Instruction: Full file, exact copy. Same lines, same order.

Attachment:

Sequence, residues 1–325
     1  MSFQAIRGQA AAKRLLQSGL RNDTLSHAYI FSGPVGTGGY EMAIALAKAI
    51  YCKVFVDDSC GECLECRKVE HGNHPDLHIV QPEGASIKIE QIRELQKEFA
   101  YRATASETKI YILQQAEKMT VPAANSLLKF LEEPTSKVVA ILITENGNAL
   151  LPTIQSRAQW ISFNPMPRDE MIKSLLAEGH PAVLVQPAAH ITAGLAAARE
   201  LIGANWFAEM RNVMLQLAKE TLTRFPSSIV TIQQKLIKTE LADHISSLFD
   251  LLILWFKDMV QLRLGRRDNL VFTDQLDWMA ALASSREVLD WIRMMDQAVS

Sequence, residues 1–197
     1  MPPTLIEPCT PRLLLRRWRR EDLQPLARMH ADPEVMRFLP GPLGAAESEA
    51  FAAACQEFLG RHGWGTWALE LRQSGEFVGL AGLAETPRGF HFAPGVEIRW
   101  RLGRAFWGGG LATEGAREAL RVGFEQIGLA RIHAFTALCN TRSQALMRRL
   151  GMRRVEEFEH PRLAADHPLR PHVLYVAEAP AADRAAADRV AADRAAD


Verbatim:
Sequence, residues 1–325
     1  MSFQAIRGQA AAKRLLQSGL RNDTLSHAYI FSGPVGTGGY EMAIALAKAI
    51  YCKVFVDDSC GECLECRKVE HGNHPDLHIV QPEGASIKIE QIRELQKEFA
   101  YRATASETKI YILQQAEKMT VPAANSLLKF LEEPTSKVVA ILITENGNAL
   151  LPTIQSRAQW ISFNPMPRDE MIKSLLAEGH PAVLVQPAAH ITAGLAAARE
   201  LIGANWFAEM RNVMLQLAKE TLTRFPSSIV TIQQKLIKTE LADHISSLFD
   251  LLILWFKDMV QLRLGRRDNL VFTDQLDWMA ALASSREVLD WIRMMDQAVS

Sequence, residues 1–197
     1  MPPTLIEPCT PRLLLRRWRR EDLQPLARMH ADPEVMRFLP GPLGAAESEA
    51  FAAACQEFLG RHGWGTWALE LRQSGEFVGL AGLAETPRGF HFAPGVEIRW
   101  RLGRAFWGGG LATEGAREAL RVGFEQIGLA RIHAFTALCN TRSQALMRRL
   151  GMRRVEEFEH PRLAADHPLR PHVLYVAEAP AADRAAADRV AADRAAD